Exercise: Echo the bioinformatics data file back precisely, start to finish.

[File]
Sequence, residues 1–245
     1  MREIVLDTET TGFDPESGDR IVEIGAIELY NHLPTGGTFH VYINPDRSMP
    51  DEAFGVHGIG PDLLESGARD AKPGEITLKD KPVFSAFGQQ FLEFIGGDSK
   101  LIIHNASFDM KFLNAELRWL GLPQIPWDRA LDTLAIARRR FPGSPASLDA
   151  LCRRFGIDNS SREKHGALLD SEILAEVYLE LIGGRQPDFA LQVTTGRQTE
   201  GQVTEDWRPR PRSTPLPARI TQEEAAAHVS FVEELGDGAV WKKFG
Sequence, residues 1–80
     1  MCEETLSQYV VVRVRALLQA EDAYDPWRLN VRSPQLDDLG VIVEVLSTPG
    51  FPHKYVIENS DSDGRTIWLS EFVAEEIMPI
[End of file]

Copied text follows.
Sequence, residues 1–245
     1  MREIVLDTET TGFDPESGDR IVEIGAIELY NHLPTGGTFH VYINPDRSMP
    51  DEAFGVHGIG PDLLESGARD AKPGEITLKD KPVFSAFGQQ FLEFIGGDSK
   101  LIIHNASFDM KFLNAELRWL GLPQIPWDRA LDTLAIARRR FPGSPASLDA
   151  LCRRFGIDNS SREKHGALLD SEILAEVYLE LIGGRQPDFA LQVTTGRQTE
   201  GQVTEDWRPR PRSTPLPARI TQEEAAAHVS FVEELGDGAV WKKFG
Sequence, residues 1–80
     1  MCEETLSQYV VVRVRALLQA EDAYDPWRLN VRSPQLDDLG VIVEVLSTPG
    51  FPHKYVIENS DSDGRTIWLS EFVAEEIMPI